GMS News 98 January 2017

New_year_2017

 

 

 

 

 

 

 

 

 

 

Carols by the tree

 

More than forty carol singers gathered in the car park of the village hall, in the light of the Christmas tree on the green. carol_singing_2 carol_singing_1 Once again the singing was led by Peter Hambrook, who took us through all the old favourites. We then repaired to the hall, where Brian and Diana Knight supplied us with mulled wine and hotmince pies. The Great Mongeham Handbell Ringers, led by Audrey Pitchford, entertained us with a selection of seasonal tunes while we sat around and relaxed. All in all it was a very pleasant way to open the season’s festivities.

 

mulled_wine

 

 

bell_ringers

 

 

 

 

 

 

 

 

 

 

 

 

 

 

 

January Meeting

shove_apennybar_skittlesWe start the New Year on 19th January with an evening of fun and games. Bring  along any board games, tabletop games  and/or floor games of yesteryear you can lay your hands on.

To get us in a party spirit bring a plate of festive fare and we’ll start the year off with a New Year celebration

ludo

 

 

 


More material for our archives.


From time to time Marion Boyce passes on to me copies of photographs and other items collected by her family. These I place in our village archive. The latest batch of papers collected by her father contains copies of  articles from books and magazines which I have already come across. However there are several items which provide me with new information, including material on tithes put together by her father. Below is a transcription of an interesting   set of notes in the collection written by Ben Stacker. 

 

Notes on the Mediaeval Discoid Grave Markers at Great Mongeham Church

13th_c_gravestoneIt is rare for mediaeval grave stones to survive intact, and the discoid shaped marker by the West entrance to the church is in particularly good condition. Exact dating is a problem, and this type of monument, and this type of monument was used between the 13th and 15th centuries, though the cross Pomée with rounded terminals seems to have been popular in the reign of Henry IV, 1422 – 61, and can be found on headstonecoins of that period. Six others of this design (mainly fragments) have been found in Kent, and only one other (New Romney)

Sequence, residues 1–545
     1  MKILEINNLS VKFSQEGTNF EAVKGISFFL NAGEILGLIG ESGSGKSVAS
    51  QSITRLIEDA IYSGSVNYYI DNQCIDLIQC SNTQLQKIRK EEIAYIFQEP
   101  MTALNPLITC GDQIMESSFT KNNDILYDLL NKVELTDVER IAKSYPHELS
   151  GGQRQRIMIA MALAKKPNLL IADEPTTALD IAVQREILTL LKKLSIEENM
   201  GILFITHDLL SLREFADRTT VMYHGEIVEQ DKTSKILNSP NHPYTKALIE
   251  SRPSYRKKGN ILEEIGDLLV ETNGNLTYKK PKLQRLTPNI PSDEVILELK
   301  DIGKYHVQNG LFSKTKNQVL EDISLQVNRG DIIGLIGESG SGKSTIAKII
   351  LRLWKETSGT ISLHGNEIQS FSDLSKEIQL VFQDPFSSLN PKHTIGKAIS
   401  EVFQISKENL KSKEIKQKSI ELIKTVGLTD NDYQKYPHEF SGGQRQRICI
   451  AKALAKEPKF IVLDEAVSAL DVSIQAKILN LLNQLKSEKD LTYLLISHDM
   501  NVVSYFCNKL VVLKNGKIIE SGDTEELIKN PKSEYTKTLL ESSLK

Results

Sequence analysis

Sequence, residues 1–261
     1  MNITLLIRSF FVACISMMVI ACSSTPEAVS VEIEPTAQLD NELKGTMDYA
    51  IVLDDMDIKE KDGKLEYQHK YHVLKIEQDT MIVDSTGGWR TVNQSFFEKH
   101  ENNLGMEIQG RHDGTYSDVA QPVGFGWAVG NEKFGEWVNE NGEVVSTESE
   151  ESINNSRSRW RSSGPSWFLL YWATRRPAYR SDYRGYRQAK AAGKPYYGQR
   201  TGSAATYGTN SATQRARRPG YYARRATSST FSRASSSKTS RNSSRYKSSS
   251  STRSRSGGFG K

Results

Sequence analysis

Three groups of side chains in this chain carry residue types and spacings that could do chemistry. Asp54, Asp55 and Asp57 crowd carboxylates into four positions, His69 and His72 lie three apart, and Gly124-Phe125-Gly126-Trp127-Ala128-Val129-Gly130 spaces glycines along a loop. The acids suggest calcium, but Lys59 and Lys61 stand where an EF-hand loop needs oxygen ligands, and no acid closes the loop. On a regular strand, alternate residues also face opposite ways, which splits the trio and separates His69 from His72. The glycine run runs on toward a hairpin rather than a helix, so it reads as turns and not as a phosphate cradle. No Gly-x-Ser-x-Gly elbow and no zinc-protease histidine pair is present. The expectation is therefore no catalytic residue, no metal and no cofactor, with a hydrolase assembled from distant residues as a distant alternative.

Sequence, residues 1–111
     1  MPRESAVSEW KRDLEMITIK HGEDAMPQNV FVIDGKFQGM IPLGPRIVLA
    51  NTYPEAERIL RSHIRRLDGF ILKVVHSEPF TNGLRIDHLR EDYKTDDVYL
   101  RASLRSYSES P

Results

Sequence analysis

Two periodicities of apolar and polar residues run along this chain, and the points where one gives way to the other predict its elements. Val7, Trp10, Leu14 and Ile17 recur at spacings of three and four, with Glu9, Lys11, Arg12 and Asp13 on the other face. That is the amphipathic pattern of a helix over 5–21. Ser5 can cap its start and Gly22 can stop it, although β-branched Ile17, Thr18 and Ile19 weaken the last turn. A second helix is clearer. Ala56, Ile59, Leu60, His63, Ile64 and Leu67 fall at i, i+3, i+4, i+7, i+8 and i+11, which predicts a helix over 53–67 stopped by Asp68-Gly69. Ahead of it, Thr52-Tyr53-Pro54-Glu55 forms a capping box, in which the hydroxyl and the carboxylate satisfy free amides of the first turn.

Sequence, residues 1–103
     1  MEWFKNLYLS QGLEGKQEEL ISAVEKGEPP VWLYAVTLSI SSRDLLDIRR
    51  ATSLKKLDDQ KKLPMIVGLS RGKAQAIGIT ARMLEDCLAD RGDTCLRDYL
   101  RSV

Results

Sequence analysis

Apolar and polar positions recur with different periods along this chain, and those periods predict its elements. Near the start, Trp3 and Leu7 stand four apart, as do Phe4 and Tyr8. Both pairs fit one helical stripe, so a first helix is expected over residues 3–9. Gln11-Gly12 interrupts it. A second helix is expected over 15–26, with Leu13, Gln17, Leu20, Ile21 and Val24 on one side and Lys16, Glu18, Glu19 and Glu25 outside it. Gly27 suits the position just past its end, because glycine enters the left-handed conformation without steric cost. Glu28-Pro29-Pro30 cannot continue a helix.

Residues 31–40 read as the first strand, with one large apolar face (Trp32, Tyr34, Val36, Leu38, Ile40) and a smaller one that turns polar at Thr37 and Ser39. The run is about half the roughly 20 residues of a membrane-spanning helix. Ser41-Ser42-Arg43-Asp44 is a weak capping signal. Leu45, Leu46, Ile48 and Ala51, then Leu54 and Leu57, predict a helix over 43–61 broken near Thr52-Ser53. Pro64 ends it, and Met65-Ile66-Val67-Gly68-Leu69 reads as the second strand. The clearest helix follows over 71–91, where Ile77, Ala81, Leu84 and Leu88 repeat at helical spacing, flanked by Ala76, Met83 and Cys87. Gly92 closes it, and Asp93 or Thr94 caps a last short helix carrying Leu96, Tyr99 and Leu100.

still in position, though the Mongeham cross is unique in having chamfers on the shaft. One detached head was recently found in St. Leonard’s at Deal during restoration work. When complete the shafts are about 50cms long with an underground bulge at the base to key it into the ground’

The remains of a second discoid grave marker may be seen in the South facing wall of the organ room 2.29m from the floor, where it has been adapted for use as a corbel. This is of a more simple incised “tramline” design and could be 12th century.

To date, (Feb 87) an extensive search has revealed 66 other discoid gravemarkers in Kent*, and 23 designs. Most are fragments, and only 11 others are still set in the ground as at Mongeham, none of which are in as good condition.

Who would warrant such a monument and still wish to remain anonymous is a matter for conjecture, perhaps it was modesty befitting a priest or member of a monastic order.

*29 locations including Mongeham

Ben Stacker

                                                                                                               
                                           Dover Archaeological Group

 

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